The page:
CD8⁺ T Cell Response to Influenza Virus
Author(s)Doty, Daniel, S.M. Massachusetts Institute of Technology
Massachusetts Institute of Technology. Department of Biology.
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The flu is an extremely prevalent and potentially devastating disease, especially dangerous to the very young, the elderly, and to people with compromised immune systems. Influenza has a characteristic course of infection, and is often effectively dispatched by the immune system. The cell-mediated lysis of infected cells is a particularly important step in clearing the infection. Antigen specific CD8+ T lymphocytes are selected and activated in the mediastinal lymph node, proliferate and gain effector function, then migrate to the lungs, where they selectively destroy infected cells. The CD8+ effector population pool undergoes a phase of contraction, when most effector cells die. Those that survive become memory T cells, protecting the body from subsequent influenza infections. The molecular and cellular interactions that comprise the CD8+ cytotoxic T cell response to influenza virus are of particular interest because of their implications for the prevention, treatment, and alleviation of the flu.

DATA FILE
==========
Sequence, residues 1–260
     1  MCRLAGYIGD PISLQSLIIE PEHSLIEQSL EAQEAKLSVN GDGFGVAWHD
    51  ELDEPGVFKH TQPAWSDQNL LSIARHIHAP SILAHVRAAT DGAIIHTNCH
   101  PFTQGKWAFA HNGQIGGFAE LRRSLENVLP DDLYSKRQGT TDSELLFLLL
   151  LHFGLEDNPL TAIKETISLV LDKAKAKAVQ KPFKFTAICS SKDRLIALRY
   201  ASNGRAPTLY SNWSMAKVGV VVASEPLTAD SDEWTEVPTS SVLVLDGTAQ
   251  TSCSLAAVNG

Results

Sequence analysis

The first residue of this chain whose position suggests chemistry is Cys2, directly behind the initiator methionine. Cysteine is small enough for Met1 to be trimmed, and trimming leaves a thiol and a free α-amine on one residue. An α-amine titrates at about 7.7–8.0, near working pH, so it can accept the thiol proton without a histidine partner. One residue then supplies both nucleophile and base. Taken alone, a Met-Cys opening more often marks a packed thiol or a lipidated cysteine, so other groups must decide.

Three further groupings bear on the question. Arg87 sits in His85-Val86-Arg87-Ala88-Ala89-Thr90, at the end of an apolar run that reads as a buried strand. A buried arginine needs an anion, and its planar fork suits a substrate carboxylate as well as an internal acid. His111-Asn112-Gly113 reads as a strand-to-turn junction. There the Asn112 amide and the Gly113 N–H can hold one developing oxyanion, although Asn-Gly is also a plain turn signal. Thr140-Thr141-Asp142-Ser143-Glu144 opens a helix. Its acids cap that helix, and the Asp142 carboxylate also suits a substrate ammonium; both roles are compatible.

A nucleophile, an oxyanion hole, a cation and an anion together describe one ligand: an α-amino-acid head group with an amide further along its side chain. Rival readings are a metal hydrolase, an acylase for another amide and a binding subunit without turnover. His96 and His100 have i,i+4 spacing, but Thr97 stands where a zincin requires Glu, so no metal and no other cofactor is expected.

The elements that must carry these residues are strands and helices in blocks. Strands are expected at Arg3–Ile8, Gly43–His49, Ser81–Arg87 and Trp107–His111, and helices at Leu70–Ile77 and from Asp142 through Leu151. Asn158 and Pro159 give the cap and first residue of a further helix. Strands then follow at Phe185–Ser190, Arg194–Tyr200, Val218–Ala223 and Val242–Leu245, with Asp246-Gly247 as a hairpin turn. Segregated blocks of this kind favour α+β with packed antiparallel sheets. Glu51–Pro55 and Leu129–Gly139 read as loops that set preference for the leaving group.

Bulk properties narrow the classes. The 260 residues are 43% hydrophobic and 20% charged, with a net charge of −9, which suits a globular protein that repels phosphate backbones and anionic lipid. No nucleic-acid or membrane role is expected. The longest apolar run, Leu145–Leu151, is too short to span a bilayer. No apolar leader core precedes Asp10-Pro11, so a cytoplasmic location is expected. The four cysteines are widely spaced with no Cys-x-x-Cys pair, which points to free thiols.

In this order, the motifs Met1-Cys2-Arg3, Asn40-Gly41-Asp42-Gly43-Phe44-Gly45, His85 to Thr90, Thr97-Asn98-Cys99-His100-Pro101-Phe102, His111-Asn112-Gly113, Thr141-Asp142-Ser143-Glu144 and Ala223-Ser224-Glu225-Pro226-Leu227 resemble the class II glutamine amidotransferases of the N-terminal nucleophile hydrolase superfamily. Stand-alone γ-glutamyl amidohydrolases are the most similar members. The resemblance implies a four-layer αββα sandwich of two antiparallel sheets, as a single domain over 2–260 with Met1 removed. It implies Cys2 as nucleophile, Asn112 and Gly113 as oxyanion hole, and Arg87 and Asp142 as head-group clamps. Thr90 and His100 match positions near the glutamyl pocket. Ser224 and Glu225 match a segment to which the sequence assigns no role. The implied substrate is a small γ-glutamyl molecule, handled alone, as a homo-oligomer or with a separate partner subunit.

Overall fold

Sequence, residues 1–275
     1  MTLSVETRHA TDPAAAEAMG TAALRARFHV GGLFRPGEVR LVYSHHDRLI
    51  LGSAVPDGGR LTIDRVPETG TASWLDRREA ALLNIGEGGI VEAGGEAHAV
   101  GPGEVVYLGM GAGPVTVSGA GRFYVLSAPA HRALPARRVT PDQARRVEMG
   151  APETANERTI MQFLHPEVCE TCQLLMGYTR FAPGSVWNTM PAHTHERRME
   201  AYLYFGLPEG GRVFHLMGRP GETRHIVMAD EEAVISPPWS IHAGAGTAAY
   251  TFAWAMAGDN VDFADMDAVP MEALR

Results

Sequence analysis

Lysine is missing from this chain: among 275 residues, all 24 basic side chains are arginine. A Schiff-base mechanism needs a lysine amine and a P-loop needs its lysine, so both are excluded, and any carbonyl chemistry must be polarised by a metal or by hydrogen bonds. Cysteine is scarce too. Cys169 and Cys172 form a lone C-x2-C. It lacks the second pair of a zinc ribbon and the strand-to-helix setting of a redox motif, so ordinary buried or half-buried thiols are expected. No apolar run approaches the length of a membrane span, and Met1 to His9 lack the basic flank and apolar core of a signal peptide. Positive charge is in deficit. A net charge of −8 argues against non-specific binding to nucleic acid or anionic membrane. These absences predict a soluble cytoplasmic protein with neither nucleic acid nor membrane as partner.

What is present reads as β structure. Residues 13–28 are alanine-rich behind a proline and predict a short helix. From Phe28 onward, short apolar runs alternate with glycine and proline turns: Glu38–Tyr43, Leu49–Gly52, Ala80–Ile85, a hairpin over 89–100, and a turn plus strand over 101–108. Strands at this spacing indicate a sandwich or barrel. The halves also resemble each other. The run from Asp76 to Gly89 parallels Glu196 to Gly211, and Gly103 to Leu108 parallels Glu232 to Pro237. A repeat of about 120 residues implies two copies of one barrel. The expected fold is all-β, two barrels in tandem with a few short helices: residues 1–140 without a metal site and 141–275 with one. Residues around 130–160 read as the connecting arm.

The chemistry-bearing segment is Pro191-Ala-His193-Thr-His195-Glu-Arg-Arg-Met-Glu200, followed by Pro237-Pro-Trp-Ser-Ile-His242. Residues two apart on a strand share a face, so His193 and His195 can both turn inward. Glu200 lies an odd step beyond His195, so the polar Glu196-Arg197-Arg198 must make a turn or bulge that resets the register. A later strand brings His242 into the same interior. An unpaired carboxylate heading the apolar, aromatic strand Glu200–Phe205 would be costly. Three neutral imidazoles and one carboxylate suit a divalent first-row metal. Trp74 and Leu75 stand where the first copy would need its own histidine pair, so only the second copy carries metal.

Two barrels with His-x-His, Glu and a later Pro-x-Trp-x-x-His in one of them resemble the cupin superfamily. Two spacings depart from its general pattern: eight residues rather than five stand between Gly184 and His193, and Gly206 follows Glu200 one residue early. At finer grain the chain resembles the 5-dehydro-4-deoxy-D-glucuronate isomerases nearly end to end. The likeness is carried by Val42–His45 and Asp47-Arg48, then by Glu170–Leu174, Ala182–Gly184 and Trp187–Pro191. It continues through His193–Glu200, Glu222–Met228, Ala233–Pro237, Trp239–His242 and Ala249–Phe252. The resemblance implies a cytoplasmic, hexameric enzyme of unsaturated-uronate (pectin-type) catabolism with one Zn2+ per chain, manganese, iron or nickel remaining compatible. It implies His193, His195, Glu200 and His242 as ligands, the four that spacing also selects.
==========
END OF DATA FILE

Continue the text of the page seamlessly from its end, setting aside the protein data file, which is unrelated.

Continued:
Thesis: S.M., Massachusetts Institute of Technology, Department of Biology, 2005.Cataloged from PDF version of thesis.Includes bibliographical references (pages 10-12).
DepartmentMassachusetts Institute of Technology. Department of Biology.
Massachusetts Institute of Technology